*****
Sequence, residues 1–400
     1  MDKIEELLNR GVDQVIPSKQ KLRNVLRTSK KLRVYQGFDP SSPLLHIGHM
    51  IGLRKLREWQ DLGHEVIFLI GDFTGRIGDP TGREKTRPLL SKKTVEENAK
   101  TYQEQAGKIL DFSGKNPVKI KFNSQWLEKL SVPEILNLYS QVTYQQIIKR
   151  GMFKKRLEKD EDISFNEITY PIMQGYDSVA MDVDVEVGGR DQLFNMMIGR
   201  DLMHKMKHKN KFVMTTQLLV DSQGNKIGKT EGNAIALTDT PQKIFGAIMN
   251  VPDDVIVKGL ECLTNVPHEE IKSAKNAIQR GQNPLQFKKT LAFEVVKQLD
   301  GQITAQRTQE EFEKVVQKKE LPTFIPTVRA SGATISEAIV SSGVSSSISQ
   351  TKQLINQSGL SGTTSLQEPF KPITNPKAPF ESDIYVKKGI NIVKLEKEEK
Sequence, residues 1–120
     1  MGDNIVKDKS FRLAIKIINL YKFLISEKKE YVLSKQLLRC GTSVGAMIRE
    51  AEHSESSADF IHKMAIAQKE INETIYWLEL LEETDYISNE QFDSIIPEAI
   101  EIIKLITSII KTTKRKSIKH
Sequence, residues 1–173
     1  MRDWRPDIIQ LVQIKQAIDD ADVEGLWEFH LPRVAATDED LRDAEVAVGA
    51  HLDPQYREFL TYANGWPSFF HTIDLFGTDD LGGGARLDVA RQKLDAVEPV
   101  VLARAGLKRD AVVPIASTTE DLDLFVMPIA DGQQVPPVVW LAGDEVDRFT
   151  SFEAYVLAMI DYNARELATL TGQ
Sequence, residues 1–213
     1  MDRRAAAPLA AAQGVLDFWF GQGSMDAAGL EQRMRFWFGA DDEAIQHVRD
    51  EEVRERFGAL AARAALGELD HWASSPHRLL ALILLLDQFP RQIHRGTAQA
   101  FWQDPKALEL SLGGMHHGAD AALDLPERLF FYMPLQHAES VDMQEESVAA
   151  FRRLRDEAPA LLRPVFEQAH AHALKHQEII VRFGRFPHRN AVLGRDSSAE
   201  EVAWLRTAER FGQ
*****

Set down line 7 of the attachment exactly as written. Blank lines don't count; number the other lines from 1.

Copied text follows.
   251  VPDDVIVKGL ECLTNVPHEE IKSAKNAIQR GQNPLQFKKT LAFEVVKQLD